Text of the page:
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Hugo Chávez wins Venezuelan presidential election

Chávez, who has led Venezuela for nearly 14 years, won 54.42 percent of the vote against former Miranda Gov. Henrique Capriles last night.

Venezuelan President Hugo Chavez holds the national flag while celebrating from a balcony at the Miraflores Palace in Caracas October 7. Venezuela's socialist President Chavez won re-election in Sunday's vote with 54 percent of the ballot to beat opposition challenger Henrique Capriles.

Tomas Bravo/Reuters

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President Hugo Chávez - the former soldier and Latin American socialist who has led this nation for almost 14 years - won an additional six-year term Sunday night.

Chávez won 54.42 percent of the vote against former Miranda Gov. Henrique Capriles, the National Election Council, or CNE, reported.

As the results were announced the skies of Caracas lighted up with red fireworks and crowds began to gather at the Miraflores presidential palace.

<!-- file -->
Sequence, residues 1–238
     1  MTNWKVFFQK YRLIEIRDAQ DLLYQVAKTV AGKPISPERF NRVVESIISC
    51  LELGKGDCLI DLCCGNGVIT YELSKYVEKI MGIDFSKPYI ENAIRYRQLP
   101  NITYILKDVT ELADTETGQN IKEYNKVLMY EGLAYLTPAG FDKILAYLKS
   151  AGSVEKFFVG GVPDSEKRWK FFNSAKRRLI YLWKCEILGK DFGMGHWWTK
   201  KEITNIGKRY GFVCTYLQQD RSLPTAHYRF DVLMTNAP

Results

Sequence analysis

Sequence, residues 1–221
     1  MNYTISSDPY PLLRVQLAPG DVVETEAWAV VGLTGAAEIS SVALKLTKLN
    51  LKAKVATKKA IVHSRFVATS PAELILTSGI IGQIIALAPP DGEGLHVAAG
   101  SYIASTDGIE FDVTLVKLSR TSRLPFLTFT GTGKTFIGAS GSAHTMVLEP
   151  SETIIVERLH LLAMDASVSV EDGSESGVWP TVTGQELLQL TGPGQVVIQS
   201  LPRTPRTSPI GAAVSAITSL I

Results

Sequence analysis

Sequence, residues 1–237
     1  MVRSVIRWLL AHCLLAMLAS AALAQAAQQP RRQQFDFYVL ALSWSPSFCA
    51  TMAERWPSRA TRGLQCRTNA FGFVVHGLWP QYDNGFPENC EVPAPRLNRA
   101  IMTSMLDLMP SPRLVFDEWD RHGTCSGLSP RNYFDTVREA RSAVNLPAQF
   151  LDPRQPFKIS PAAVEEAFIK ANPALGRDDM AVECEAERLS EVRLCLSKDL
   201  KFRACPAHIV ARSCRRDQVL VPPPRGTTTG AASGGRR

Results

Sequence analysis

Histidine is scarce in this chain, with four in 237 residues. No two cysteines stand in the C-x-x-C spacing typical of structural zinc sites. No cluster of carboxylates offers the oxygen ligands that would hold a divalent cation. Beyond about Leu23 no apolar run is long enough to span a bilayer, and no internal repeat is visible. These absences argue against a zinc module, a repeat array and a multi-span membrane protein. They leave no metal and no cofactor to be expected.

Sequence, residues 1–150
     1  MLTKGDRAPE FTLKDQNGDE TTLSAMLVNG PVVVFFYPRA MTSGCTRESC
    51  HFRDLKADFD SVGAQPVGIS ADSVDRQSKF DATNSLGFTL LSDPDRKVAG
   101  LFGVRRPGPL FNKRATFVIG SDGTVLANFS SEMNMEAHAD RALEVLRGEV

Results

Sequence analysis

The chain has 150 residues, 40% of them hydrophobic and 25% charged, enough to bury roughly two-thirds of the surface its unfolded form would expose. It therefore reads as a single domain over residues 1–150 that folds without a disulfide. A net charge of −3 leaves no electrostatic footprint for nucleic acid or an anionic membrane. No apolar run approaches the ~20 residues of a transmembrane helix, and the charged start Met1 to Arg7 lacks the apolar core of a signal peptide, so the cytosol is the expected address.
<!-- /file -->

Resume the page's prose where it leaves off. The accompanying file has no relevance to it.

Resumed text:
Authorities said turnout for the vote was 80.94 percent - a decades-long record for this oil-rich nation.

"We have written another brilliant page in our democratic history," CNE President Tibisay Lucena said.

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The results capped a day where many of the country's 19 million registered voters swarmed the polls in a process that was largely free of violence despite the incendiary rhetoric that marked the race.

Chávez, 58, has been in power since 1999 and used the nation's oil wealth to promote socialist reforms and welfare programs that have made him a hero to the poor. He said he would use the additional six years to deepen his "21st Century Socialism" to build more public housing, end unemployment and create 10 new public universities.


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